Louisiana lawmakers move forward with measures to curb governor's COVID-19 restrictions
Louisiana lawmakers continued to advance a host of measures Thursday to curb Democratic Gov. John Bel Edwards' COVID-19 restrictions ranging from legislative oversight to overturning his emergency declaration altogether.
Republicans who have grown weary of seven months of COVID-19 restrictions want more power to decide how long an emergency declaration can continue.
"The people I represent don't think (the restrictions) are warranted," said Rep. Dodie Horton, R-Haughton. "That's why we're here. We believe in individual freedoms. We feel it's time for a change."
Republicans comprise near super majorities in the House and Senate and largely control the agenda of a 30-day Special Session that began Monday.
Edwards has moved the state in Phase 3 of reopening the economy, but occupancy restrictions remain for most businesses and many bars remain closed and a statewide mask mandate remains in effect.
What restrictions lawmakers want to overturn
One measure approved by the House and Governmental Affairs Committee Thursday was a resolution by Republican House Speaker Clay Schexnayder of Gonzales to overturn Edwards' coronavirus orders for a month after the Special Session ends.
"It allows us to take a deep breath and see what direction we need to go in," Schexnayder said.
But other measures advanced by the committee would be less drastic, like Acadiana Republican Senate President Page Cortez's bill to require the governor to consult with legislative leaders before extending an emergency beyond 30 days, but not require their approval.
COVID-19 restrictions:Senate panel takes first step to curb Louisiana Governor John Bel Edwards' restrictions
Jim Waskom, director of the Governor's Office of Homeland Security and Emergency Preparedness, warned lawmakers that overturning an emergency order could disqualify the state from hundreds of millions in federal funding.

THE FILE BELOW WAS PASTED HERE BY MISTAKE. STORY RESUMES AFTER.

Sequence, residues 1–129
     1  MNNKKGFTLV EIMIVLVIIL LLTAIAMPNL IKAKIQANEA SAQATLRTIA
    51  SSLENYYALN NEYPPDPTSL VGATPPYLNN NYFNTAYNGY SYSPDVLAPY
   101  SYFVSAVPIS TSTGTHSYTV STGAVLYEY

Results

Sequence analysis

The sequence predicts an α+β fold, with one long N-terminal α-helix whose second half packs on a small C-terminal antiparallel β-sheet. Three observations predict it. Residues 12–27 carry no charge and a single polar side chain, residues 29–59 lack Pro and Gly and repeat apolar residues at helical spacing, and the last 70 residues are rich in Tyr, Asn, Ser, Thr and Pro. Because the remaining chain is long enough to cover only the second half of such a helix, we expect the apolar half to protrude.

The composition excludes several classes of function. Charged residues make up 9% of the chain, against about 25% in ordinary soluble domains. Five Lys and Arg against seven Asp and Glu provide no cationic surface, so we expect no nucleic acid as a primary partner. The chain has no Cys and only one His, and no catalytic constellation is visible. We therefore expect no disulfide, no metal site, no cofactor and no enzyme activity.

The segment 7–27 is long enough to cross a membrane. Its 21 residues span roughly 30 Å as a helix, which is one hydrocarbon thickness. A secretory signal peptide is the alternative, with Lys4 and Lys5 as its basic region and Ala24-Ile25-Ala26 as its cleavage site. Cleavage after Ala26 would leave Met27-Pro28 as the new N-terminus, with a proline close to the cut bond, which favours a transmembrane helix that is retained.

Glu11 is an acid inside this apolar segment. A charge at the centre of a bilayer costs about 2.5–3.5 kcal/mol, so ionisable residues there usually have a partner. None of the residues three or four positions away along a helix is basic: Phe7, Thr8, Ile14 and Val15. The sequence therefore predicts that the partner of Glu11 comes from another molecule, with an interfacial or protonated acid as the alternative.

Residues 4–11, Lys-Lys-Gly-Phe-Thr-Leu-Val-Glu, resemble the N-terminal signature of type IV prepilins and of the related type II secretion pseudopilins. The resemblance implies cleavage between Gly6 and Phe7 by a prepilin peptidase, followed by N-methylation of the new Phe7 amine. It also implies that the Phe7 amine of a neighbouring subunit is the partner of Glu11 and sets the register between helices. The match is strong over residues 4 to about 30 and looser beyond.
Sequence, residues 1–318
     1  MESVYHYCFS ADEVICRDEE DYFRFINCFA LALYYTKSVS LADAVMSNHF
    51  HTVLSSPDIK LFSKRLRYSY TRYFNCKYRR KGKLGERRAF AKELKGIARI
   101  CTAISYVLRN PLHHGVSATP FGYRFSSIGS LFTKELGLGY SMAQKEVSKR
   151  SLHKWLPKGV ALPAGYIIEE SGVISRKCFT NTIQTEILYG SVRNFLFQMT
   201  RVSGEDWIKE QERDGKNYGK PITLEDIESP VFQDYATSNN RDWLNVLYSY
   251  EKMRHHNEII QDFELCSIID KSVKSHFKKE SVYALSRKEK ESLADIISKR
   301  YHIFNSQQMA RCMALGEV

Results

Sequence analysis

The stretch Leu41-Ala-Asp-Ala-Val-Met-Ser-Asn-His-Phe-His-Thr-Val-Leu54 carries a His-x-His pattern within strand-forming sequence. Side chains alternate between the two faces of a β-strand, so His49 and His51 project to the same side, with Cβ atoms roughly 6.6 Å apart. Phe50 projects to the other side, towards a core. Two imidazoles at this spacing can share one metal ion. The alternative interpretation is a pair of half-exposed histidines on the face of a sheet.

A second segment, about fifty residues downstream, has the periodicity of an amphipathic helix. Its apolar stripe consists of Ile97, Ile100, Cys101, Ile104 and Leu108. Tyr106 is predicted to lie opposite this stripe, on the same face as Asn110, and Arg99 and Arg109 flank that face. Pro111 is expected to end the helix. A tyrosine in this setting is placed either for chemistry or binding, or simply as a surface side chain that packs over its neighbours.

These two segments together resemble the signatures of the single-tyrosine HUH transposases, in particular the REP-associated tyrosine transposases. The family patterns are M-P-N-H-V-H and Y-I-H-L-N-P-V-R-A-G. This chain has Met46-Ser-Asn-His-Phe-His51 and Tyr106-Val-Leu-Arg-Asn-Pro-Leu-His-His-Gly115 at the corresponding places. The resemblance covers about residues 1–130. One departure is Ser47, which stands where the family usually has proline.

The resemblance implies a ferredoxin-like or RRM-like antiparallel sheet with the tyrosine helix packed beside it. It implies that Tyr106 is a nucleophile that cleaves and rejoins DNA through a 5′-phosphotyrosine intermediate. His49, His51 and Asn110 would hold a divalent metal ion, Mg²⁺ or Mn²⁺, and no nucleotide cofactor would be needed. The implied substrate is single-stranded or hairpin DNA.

"You are introducing chaos and confusion into an already chaotic and confusing situation," said Waskom, who was appointed by Edwards.
Some lawmakers acknowledged the risk, but said they felt compelled to support a complete overturning of the emergency order.
"My gut says there is a risk ... but at the end of the day I'm being forced to make that decision," said state Rep. Barry Ivey, R-Baton Rouge.
How Gov. John Bel Edwards will move forward
Edwards said Thursday he's withholding judgement on the measures until they make their way through the Legislature or reach his desk, but dismissed complaints by lawmakers that he hasn't communicated with them during the pandemic.
"Everybody should know I've been fully informing the Legislature all along," said Edwards, who said he was particularly communicative with leaders Schexnayder and Cortez.
'It's an age-old thing for legislators to complain about communication when in fact it's about them not agreeing with decisions being made," Edwards said. "Quite frankly, (there's) not a reasonable discussion to be had with people who believe we shouldn't have a public emergency declaration in place ... to save lives."
Edwards insisted the responsibility to manage emergencies remains in the executive branch.
"It's not a good idea to manage an emergency by committee, and I hope that's not what the Legislature will try to do," he said.
Greg Hilburn covers state politics for the USA TODAY Network of Louisiana. Follow him on Twitter @GregHilburn1.